Luger P-08 9mm Pistol

Widely known as the "Luger" or "Parabellum", the semiautomatic, recoil-operated Pistole P-08 was based on an 1893 design by American Hugo Borchardt. George Luger adapted Borchardt's original design and considerably refined it in 1900. The resulting improved pistol was accepted into military service in 1908, and remained the standard service pistol of the German Army until the 1938 introduction of the Walther P-38. The Pistole P-08 was a powerful and accurate weapon, although costly to manufacture.

Luger (Parabellum) 9MM P-08 Automatic Pistol
Luger (Parabellum) 9MM P-08 Automatic Pistol.

The P-08 Luger fires the 9mm Luger/Parabellum (9x19mm) round, one of the world's most popular cartridges for pistol and submachine gun use, including the U.S. military M9 Beretta 9mm Pistol. The page linked here describes the 9mm Parabellum cartridge.

Today in WW II: 14 Oct 1939 German U-Boat U-47 sinks the British battleship HMS Royal Oak at Scapa Flow in Orkney, Scotland, with loss of 833 sailors. More 
14 Oct 1943 Schweinfurt Raid, Black Thursday: US 8th Air Force sends more than 250 B-17 Flying Fortress bombers to destroy ball-bearing factories.
14 Oct 1944 German Field Marshal Erwin Rommel commits suicide rather than face execution for his involvement in the 20 July plot against Adolf Hitler.
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Luger P-08 9MM Pistol

The Luger is obsolete today, but still quite attractive to collectors. Its sleek design and its infamous connection to Nazi Germany have been factors in its continued popularity. Thousands of Lugers were brought to the US as souveneirs by American GIs after WW II, and many are still in circulation.

World War II Bill Mauldin cartoon from Stars & Stripes.  Original caption:  Luger, $100 ... camera, $150 ... Iron Cross, $12 ... it is good to be captured by Americans.   Image  Stars and Stripes
World War II Bill Mauldin cartoon from Stars & Stripes. Original caption: "Luger, $100 ... camera, $150 ... Iron Cross, $12 ... it is good to be captured by Americans." Image Stars and Stripes.

Luger and P-38 pistols are often confused with one another, as both were developed and manufactured to be used by the German army during WW I and WW II. Several million pistols were produced by many different makers, in different arsenals, in Germany, Switzerland and England. In addition, multitudes of commercial versions were manufactured before and after both wars.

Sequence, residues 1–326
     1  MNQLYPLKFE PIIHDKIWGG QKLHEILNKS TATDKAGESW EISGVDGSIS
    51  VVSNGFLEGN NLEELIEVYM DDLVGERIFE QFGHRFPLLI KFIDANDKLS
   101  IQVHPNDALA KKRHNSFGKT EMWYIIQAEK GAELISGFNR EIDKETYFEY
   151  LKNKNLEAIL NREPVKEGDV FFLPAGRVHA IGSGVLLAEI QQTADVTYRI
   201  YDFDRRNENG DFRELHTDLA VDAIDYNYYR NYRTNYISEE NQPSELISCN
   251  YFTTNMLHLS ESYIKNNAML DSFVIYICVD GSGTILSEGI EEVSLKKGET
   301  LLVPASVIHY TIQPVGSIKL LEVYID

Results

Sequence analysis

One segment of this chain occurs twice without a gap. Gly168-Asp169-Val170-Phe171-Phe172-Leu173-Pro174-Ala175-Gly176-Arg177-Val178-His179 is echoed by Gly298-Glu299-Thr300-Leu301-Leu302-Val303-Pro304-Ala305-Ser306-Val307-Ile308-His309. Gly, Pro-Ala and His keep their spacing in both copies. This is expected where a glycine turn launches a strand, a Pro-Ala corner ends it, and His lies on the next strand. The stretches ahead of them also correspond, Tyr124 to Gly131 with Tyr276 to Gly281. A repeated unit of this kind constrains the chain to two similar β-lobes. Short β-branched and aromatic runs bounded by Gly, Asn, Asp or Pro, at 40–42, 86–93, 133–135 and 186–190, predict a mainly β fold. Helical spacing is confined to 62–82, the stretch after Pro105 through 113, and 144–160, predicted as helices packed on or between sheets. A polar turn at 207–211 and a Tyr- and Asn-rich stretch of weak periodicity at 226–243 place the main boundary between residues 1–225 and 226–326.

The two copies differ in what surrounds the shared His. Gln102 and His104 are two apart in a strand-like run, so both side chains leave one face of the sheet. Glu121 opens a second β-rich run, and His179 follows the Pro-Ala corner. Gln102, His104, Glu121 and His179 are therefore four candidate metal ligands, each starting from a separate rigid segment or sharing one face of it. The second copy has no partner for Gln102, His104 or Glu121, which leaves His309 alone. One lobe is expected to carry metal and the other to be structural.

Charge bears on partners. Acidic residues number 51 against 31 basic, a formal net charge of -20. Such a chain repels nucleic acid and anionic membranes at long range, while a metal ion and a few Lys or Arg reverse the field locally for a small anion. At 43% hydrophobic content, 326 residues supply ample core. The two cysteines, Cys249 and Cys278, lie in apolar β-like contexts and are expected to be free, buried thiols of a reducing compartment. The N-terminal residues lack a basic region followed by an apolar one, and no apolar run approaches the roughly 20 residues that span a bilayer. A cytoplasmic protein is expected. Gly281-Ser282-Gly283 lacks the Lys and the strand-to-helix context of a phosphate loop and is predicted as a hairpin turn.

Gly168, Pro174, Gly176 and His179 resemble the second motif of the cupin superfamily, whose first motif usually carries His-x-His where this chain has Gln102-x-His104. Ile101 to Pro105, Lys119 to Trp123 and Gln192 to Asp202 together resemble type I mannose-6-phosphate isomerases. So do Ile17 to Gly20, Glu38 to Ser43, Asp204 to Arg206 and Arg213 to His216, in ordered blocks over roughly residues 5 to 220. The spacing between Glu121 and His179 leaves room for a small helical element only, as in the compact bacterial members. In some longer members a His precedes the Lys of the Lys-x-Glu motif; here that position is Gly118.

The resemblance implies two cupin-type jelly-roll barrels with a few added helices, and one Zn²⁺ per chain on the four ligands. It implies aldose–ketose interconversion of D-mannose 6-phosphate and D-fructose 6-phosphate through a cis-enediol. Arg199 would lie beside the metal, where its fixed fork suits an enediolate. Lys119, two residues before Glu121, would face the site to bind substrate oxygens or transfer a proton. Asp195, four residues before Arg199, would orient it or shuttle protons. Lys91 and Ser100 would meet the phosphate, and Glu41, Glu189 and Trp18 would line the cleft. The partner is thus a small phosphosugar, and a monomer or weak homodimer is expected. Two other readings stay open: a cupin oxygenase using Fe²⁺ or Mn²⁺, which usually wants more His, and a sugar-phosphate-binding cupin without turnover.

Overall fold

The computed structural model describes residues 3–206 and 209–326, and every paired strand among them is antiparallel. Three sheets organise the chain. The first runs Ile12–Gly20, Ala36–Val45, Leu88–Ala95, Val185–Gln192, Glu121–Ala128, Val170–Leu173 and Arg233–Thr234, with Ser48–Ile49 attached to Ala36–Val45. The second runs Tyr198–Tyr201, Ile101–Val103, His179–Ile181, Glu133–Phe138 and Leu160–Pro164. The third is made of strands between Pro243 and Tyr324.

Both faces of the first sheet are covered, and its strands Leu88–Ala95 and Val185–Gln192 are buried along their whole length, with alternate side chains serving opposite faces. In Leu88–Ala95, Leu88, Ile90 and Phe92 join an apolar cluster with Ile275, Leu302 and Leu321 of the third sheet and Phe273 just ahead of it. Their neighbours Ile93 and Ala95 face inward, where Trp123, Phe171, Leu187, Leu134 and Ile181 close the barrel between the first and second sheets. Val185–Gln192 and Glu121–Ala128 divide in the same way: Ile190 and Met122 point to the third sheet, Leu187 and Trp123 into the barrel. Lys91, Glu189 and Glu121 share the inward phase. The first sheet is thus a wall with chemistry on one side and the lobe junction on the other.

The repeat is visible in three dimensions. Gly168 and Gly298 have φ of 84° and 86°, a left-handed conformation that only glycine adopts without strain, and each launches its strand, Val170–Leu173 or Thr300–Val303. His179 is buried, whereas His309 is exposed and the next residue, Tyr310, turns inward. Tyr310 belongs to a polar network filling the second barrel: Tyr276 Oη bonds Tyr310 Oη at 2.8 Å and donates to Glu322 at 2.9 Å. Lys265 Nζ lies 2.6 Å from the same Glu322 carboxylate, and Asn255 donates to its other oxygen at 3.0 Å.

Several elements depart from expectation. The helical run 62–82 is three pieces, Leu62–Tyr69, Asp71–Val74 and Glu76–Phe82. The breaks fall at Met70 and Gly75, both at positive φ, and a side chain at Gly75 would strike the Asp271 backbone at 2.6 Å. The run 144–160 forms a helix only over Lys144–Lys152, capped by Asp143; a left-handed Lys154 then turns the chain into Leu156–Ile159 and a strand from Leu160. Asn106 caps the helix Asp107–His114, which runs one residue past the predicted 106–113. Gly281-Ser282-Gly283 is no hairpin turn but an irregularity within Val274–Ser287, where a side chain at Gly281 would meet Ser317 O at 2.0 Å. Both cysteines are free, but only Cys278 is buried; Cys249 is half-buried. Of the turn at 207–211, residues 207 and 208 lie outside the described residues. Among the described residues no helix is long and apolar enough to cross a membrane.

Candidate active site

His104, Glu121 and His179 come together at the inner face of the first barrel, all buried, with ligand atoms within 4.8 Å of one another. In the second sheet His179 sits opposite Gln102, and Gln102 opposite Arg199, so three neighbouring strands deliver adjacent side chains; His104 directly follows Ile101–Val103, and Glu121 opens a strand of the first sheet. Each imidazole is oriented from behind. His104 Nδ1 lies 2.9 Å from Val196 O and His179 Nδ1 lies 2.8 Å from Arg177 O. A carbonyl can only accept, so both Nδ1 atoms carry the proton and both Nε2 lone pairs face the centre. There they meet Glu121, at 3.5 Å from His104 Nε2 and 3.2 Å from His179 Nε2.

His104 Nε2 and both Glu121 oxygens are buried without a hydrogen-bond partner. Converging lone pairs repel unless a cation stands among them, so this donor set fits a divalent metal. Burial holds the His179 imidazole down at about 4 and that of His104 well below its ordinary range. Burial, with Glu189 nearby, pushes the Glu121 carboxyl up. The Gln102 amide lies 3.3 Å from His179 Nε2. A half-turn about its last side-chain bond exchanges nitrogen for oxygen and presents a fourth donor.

Luger P-08 9MM Pistol Markings

The vast majority of the pistols were stamped with a four-digit serial number. This number cycle was repeated monthly by the various arsenals, thus making it possible to have between 250 and 300 pistols bearing the same serial number. Distinguishing factors making the identification of each pistol unique are the alpha letter appearing beneath or following the serial number; the year of manufacture; and the individual arsenal/code markings on each pistol. The serial number, always stamped on the frame, may also appear on the receiver and barrel. If the serial numbers don't match, this indicates the pistol was assembled from parts of several pistols. The last two digits of the original serial number may appear in several places on the gun as a parts number. Sometimes the same serial number will be stamped in multiple places on the gun, but will only include the letter suffix below the barrel, ahead of the trigger guard.

The following chart shows the individual arsenal/code markings and lettering used by the various manufacturers. These markings apply to Lugers as well as P-38 Pistols

Marking Manufacturer
ac Carl Walther
byf Mauser Werke
S/42 Mauser Werke
SVW/45 Mauser Werke
42 Simson & Co. (1920-1936)
42 Mauser & Werke (1937-1940)
P-08 Krieghoff
HK Krieghoff
fzs Krieghoff
cyq Spreewerk
DWM Deutsche Waffen und Munitionsfabrik
ERFURT Made at government arsenal at Erfurt,Germany prior to 1930

Find More Information on the Internet

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